November 21, 2015

Leave Your Religion If.

Jan Arendtsz/Flickr

Would We Be Better Off Without Religions?

“Imagine there’s no countries

It isn’t hard to do

Nothing to kill or die for

And no religion too

Imagine all the people living life in peace…”

~ John Lennon

I grew up Catholic. I started questioning my religion at a young age—in my mind and, when I got the chance, to a priest. Why did I have to dress up for church if God loved me as I am? If God was everywhere, why not inside me? Why did he love everyone except for gay people?

Of course this reflected my limited understanding of what I was being taught, but also my natural desire for acceptance and for connection to others and to a God.

I left it when I wasn’t made to go anymore. I read about other religions. I found yoga and meditation and the 12 Steps. They helped me to open my heart and let go of resentment, and buoyed me during marriage to an active alcoholic.

Then, I started to question yoga too, and the way it is linked to veganism and abstinence from alcohol and even sex in some traditions, because of adherence to a translation of an ancient text. I am vegetarian, and yet I thought, “I just can’t buy that you can’t become enlightened if you eat meatballs.”

The word “purifying” bothered me. It started to remind me of Catholic confession, like I was impure or bad until I did something about it. I couldn’t buy that either. (Again, my understanding of a teaching at a particular time.)

So, I took a break from yoga.

About that time, I was attending One Spirit Interfaith Seminary, and Lama Surya Das was teaching us about Buddhism. One of the things he said was that it is helpful to have a raft to take you across the river, but that it’s not necessary to drag the raft along once you have crossed it.

I felt like I was in the river without a raft. No rules, guidelines, no religion. I floated a while. So I understand feeling the need for the container, the path, the pointers. And I believe in the power of community.

But I think that there are potential hazards in religion and spiritual traditions. In the extreme, there are radical sects recruiting assassins. There are those espousing judgment and prejudice in the name of their religion.

More subtly though, there are many quietly keeping us from directly experiencing Divine Energy and Wisdom, which is so needed right now in the world. We need inspired solutions and ways of seeing one another with love. Instead, we can end up experiencing the need to defend, making more real our conflicts, problems and negativity toward ourselves and others.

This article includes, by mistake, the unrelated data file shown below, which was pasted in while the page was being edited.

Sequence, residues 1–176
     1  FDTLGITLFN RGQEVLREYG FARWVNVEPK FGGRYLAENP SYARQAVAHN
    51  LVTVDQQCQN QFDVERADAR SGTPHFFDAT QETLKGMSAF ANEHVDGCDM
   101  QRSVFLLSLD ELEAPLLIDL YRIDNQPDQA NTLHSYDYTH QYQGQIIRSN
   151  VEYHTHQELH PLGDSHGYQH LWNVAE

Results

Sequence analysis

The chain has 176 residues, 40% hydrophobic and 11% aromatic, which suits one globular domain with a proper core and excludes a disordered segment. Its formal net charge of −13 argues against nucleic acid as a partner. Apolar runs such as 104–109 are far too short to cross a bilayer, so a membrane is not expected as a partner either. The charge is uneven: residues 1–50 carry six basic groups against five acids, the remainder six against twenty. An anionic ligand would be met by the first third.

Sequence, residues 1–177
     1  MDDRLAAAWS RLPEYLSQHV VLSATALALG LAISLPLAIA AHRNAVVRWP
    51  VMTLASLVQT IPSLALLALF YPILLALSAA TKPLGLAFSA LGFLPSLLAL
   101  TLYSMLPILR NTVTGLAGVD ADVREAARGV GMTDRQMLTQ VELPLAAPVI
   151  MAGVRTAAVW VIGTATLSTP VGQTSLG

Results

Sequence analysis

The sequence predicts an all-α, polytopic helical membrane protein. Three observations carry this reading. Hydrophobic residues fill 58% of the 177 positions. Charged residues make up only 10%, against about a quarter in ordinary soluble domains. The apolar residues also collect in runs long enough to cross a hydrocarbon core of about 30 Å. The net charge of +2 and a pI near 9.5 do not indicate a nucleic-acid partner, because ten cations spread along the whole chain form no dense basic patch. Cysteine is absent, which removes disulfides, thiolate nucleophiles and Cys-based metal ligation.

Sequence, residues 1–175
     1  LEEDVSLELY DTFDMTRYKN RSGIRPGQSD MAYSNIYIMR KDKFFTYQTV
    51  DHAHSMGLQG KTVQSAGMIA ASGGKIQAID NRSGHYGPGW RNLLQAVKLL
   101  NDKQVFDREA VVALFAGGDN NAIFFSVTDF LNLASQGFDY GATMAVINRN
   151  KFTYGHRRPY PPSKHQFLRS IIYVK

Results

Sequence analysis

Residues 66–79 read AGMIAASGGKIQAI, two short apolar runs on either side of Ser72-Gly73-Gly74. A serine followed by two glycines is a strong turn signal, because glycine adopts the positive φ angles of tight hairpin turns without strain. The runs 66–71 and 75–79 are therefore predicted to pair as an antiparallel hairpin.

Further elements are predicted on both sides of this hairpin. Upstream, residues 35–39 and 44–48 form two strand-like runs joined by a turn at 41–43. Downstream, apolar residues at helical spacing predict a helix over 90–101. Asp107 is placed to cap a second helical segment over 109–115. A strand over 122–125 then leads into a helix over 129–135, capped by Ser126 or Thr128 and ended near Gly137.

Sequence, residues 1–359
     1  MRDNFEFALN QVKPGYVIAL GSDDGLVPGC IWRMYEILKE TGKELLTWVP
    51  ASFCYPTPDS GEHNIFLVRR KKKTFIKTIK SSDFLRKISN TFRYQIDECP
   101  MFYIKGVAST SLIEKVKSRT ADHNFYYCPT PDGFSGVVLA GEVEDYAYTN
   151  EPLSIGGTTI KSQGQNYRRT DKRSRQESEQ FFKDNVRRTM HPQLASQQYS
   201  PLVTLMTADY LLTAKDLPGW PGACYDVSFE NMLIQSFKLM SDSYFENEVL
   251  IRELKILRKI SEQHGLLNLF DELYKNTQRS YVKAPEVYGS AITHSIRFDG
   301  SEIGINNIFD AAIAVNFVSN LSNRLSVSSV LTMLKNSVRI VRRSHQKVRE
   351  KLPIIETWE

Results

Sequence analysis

We create “us” and “them.” Your “ism” against my “ism,” or your belief which counters my belief or your terminology that is not my terminology, gets us further away from the heart and lost in thought.

I’m suggesting that we may be better off without a religion, or particular sect, especially…

If it tells us that we are better than anyone else

Or that we are less than anyone who has ever lived.

If it tells us that someone else is the enemy

Or that one religion is the only one that is right or true or will lead to grace

Or that we have a claim or entitlement because of the religion.

If it asks us to denounce anyone else

Or condemn their way of being, living or loving.

If it closes us in or makes our world smaller.

If it does not accept us as we are.

If it asks us to fight or defend.

If it takes literally and without question words written a very long time ago, without considering context and allowing for evolution and enlightenment.

If it gives one human authority over another.

Because these things are of the ego and will keep us, at best, trapped, angry and separated from one another and, at worst, will be our demise as a species. They keep us stuck in the mind and block our opening to the ever-present force of Love that is trying to reach us and show us that we are interconnected—all beings and the planet, and all in this together.

Use your tradition’s tools, if they’re effective, to cross the river, but don’t drag the raft along once you get to the other side.

Keep going for more freedom, more wisdom. Listen to silence and stillness. Feel. Get sensitive. It’s a soft feeling at first. It’s sort of funny, like a tickle. It vibrates inside you. Then eventually the Spirit, the Love, takes over and all you can see is the Light.

You will laugh. Laugh at the idea that you wanted to be right. And the thought that anyone else was wrong. We are all just confused or not. Asleep or awake.

Has your religion, practice or tradition awakened you? Or have you on your own found freedom, peace and joy in this human life? If so please help us all. Teach. Preach. Share. So that one day we will all drop our need for thoughts and things that cause harm and live life in peace.

Maybe I’m a dreamer, but I’m not the only one.


Relephant Read:

How do we Know what the One True Religion is?


Author: Reverend Lisa Sarick 

Editor: Toby Israel

Photo: Jan Arendtsz/Flickr // Jaume Ventura/Flickr


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